by D. Kern Holoman
The term “radical chic” was invented to describe Leonard Bernstein.
Tom Wolfe’s “That Party at Lenny’s” was an irreverent look for
New York magazine at a 1970 fund-raiser held in the Bernsteins’
Park Avenue penthouse for the Black Panther Party. Few figures
in orchestral history can have anguished so much as Bernstein did
over personal identity and the place of one’s music in the world
at large. Raised in the heady liberalism of Harvard and Franklin
Roosevelt, mentored by Copland and his progressive political and
social views, he could not resist the notion of podium as pulpit. The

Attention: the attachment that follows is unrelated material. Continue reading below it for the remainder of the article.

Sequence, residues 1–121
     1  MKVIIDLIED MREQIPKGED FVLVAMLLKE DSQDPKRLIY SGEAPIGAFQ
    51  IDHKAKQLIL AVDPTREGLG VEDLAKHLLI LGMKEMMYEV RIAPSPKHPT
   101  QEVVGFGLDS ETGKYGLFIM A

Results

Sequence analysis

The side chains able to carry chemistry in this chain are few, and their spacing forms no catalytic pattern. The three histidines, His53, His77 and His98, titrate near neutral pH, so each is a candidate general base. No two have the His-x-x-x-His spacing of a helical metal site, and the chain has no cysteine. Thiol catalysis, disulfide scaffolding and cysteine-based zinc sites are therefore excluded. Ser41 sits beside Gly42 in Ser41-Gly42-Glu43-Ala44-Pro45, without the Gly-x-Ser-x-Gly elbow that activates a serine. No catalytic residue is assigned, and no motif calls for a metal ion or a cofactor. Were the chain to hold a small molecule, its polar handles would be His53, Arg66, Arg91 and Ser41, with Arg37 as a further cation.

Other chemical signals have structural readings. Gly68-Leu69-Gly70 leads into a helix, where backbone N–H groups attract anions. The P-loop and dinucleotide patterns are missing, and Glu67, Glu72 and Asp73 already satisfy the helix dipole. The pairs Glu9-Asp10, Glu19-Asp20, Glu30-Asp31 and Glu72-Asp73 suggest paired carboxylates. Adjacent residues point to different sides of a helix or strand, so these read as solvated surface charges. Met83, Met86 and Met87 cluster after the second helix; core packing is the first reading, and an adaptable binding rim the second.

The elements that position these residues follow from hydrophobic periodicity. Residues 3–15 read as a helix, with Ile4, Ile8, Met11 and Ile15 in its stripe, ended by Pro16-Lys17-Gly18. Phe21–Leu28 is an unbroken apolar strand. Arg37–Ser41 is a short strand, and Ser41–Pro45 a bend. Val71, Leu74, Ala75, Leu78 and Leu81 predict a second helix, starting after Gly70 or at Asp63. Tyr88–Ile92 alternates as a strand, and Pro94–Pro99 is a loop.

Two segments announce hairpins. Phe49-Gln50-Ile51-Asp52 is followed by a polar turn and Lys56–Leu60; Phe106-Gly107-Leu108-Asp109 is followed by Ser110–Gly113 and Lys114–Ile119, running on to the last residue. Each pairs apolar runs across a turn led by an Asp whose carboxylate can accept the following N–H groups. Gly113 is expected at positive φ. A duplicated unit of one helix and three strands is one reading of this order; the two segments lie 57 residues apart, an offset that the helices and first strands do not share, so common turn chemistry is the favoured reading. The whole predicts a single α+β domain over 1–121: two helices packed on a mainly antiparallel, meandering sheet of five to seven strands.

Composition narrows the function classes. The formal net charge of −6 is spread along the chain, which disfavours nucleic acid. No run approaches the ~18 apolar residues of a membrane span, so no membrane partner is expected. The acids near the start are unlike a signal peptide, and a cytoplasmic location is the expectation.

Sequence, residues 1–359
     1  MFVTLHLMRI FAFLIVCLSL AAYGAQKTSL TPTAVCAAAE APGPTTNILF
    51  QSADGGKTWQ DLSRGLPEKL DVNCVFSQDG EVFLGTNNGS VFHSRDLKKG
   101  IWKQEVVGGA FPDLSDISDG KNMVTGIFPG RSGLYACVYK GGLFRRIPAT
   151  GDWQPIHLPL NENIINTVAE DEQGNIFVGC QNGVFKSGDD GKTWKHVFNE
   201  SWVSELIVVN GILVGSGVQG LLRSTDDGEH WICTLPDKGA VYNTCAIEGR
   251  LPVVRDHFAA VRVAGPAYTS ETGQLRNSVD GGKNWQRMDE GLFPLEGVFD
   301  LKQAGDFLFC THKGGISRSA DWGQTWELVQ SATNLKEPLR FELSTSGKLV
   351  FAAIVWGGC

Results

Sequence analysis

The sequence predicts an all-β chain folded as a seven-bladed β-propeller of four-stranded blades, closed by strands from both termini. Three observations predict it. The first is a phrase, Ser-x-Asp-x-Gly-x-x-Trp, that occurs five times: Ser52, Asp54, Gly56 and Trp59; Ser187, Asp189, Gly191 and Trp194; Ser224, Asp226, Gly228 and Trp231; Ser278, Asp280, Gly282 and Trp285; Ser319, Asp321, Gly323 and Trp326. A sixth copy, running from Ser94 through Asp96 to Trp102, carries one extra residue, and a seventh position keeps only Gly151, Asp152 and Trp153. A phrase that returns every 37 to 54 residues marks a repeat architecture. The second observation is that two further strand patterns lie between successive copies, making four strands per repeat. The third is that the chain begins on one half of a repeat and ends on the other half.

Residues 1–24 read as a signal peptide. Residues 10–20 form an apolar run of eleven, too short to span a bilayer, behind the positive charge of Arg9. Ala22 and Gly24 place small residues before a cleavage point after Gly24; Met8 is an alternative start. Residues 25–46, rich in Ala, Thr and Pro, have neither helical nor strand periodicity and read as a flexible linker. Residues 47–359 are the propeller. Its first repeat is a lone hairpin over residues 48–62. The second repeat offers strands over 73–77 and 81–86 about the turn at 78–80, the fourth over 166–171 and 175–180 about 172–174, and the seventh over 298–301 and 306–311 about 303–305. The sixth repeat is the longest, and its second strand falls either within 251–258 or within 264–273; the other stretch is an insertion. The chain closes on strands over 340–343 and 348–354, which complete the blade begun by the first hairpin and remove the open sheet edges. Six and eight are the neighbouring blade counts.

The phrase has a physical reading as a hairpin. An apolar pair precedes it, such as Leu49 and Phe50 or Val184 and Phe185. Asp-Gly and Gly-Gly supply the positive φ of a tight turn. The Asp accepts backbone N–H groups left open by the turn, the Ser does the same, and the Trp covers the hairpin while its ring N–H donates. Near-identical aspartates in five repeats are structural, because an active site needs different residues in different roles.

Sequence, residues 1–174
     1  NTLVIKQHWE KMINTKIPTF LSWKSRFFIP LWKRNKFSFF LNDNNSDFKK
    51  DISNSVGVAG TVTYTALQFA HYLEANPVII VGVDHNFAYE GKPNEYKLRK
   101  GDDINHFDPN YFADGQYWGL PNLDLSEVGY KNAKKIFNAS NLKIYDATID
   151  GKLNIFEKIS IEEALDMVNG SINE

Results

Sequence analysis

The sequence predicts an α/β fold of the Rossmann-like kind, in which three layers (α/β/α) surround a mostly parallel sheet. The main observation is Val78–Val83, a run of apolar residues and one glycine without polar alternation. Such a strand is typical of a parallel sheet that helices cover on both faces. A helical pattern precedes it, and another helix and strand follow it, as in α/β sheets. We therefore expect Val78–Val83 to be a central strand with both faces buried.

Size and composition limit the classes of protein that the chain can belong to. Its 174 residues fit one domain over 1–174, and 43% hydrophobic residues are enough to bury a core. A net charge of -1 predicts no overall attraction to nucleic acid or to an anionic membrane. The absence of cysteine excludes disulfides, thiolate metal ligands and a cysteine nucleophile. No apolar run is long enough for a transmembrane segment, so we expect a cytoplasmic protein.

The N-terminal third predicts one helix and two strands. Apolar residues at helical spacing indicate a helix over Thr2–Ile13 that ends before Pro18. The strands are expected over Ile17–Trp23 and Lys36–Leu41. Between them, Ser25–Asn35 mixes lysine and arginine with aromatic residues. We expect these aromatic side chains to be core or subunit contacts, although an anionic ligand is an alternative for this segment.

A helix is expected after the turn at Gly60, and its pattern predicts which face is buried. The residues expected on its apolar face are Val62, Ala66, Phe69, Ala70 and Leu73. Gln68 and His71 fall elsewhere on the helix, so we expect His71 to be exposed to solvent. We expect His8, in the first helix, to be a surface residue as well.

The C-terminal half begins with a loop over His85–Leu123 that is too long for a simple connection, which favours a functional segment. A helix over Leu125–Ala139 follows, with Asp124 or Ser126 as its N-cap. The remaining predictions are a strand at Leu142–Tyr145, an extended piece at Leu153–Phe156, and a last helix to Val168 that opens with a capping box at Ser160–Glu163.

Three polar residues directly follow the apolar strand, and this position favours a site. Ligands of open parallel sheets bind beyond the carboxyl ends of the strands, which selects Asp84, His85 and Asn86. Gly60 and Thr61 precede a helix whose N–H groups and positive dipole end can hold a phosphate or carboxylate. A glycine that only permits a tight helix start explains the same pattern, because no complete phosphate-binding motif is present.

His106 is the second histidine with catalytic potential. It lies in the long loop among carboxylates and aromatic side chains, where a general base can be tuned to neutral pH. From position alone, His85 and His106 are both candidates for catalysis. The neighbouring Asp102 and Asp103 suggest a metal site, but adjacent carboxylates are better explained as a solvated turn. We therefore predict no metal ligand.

Palestine Philharmonic had begged him to stay, in 1946, since he
spoke Hebrew and was a Zionist at heart; in 1948 he led them for
two months, thirty-five concerts, during the War of Independence.
Later, in New York, he was devastated by the assassinations of
the 1960s, and bitterly and sometimes incoherently opposed
everything about the Ronald Reagan administration. He features
in the Watergate tapes of September 1971, on the occasion of the
Mass he had composed to a commission from Jacqueline Kennedy
to inaugurate the Kennedy Center. President Nixon, tipped by
his security apparatus as to the work’s pacifist theme, skipped the
premiere and in a follow-up discussion was told of Bernstein’s
weeping onstage after the performance and kissing everybody in
sight, “including the big black guy” (Alvin Ailey, the choreographer).
Nixon responded, “absolutely sickening.”
From The Orchestra: A Very Short Introduction (Oxford University Press, 2012), p. 125.